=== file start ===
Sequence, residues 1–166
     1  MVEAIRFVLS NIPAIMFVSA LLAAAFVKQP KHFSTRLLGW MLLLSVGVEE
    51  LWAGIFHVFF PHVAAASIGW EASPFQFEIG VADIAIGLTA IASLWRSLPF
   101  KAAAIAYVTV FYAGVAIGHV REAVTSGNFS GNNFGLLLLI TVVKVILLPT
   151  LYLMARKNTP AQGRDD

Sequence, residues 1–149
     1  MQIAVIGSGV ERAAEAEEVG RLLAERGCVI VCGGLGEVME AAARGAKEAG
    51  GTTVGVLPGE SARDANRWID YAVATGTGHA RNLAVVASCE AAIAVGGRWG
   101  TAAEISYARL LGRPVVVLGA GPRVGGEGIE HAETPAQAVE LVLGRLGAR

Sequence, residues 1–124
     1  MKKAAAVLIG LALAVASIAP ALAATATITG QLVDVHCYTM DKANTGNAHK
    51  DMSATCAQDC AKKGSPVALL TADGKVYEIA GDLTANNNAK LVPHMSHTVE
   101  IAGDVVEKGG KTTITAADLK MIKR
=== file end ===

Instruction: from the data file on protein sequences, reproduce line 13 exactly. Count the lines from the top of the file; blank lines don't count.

   101  IAGDVVEKGG KTTITAADLK MIKR